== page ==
February 17, 2019 (Mainichi Japan)
TOKYO — Paralympic medalists have inspected parts of the capital’s Koto Ward, host to two Tokyo 2020 swimming venues, to see if the area meets the growing demand for easier access for people with disabilities.
A Mainichi Shimbun reporter joined the athletes’ first check of the 2020 Tokyo Olympics and Paralympics venue sites on Jan. 20. The aim: to assess the current environment as well as facilities with barrier-free concepts. The meeting point with Paralympians Association of Japan (PAJ) chairman Junichi Kawai, 43, and former Japan national wheelchair basketball player Katsumi Miyake, 48, was outside the Tokyo Metro’s Tatsumi Station ticket gate.
Just after exchanging greetings, however, Miyake rushed back into the station. He returned sometime later and explained that the accessible washroom outside the gates was broken, so he had to use the one inside.
“There aren’t many bathrooms for wheelchair users so I can’t hesitate even if I have to go back in,” he said. Miyake’s remark hinted at a major challenge in improving the washroom situation at stations near venues.
The Tokyo Tatsumi International Swimming Center is being revamped for the 2020 games, and the new Tokyo Aquatics Center is scheduled for completion by February 2020. Of the two routes to the venues, we decided to first use a footbridge in front of the station, built over a wide metropolitan road, and to try crossing the road itself on the return journey.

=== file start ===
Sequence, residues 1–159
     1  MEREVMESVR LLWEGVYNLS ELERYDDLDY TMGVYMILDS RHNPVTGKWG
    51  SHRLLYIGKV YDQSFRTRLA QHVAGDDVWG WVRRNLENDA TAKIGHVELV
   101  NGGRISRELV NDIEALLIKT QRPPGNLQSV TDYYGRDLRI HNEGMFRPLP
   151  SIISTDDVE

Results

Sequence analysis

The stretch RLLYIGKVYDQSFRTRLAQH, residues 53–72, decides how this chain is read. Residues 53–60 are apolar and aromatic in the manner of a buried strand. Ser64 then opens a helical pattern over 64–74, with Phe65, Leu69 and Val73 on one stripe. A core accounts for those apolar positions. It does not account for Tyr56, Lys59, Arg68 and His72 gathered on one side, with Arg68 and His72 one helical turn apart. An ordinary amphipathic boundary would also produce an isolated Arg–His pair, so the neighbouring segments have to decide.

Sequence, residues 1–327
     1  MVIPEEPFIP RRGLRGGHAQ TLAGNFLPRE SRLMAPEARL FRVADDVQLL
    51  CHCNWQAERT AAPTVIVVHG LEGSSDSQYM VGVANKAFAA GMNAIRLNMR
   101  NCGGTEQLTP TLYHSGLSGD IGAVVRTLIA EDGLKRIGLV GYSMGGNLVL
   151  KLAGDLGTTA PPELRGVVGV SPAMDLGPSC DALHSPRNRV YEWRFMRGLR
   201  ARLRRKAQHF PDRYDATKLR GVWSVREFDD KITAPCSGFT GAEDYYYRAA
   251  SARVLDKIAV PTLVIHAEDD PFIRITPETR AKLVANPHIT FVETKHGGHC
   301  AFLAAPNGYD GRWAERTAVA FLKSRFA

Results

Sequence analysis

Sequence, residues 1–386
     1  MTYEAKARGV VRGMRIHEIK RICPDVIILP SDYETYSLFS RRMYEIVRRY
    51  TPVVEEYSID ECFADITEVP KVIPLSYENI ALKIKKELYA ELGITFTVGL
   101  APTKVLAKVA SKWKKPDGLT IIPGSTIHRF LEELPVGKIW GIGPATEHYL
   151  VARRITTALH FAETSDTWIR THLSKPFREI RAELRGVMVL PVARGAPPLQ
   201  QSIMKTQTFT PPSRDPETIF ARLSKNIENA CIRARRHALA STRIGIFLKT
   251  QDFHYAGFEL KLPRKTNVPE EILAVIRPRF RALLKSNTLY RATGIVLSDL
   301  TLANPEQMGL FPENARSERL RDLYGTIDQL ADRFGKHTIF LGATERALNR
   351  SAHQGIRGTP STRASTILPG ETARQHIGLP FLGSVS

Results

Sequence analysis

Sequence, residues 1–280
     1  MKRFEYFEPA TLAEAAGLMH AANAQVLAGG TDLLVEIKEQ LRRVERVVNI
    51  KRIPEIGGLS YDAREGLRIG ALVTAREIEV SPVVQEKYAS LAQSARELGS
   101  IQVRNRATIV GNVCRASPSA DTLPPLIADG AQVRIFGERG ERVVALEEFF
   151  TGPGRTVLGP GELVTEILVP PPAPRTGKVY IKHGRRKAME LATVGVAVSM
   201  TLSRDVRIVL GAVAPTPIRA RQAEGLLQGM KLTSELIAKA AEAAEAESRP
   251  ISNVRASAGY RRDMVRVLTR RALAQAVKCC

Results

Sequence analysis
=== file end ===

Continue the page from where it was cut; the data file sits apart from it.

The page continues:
Although the footbridge did not have steps and was thus “wheelchair-friendly,” Miyake said the slope was steep. Kawai, who competed as a Paralympic swimmer with visual impairment, also felt that the passing bicycles were “a bit scary” and worried about his safety.
We came to Tatsumi no Mori Ryokudo Koen park and spotted bollards standing at its entrance. Although bollards can prevent illegal parking and slow down bicycles, they become barriers for wheelchair users and people with visual impairments. People on wheelchairs have to take a detour if the posts are installed close together.
There were many spots before reaching the bollards that lacked tactile paving to assist pedestrians with visual impairments. Neither acoustic traffic signals nor pedestrian crossing buttons for the visually impaired were installed at the intersection closest to the swimming center. The PAJ members had a difficult time crossing the street, though it was not very wide, as the traffic was relatively heavy.
After inspecting the area around the swimming center, the men headed toward the Tokyo Aquatics Center and found many bollards inside a residential complex. However, there was a phone booth for wheelchair users next to the center, still under construction. “This is rare. And it’s also remarkable that the doors can be opened so easily,” Miyake said approvingly.
To return to Tatsumi Station, the men crossed the metropolitan road. Although pedestrian crossing buttons with audio guidance had been installed, the sounds were often lost in the traffic noise.
“Even though there were some issues, we found no major problem with the station itself,” commented Kawai after they finished their checks. He added, “It’s dangerous to have too many bollards. Since there’s still time until the Tokyo Games, we hope that relevant elements are improved.”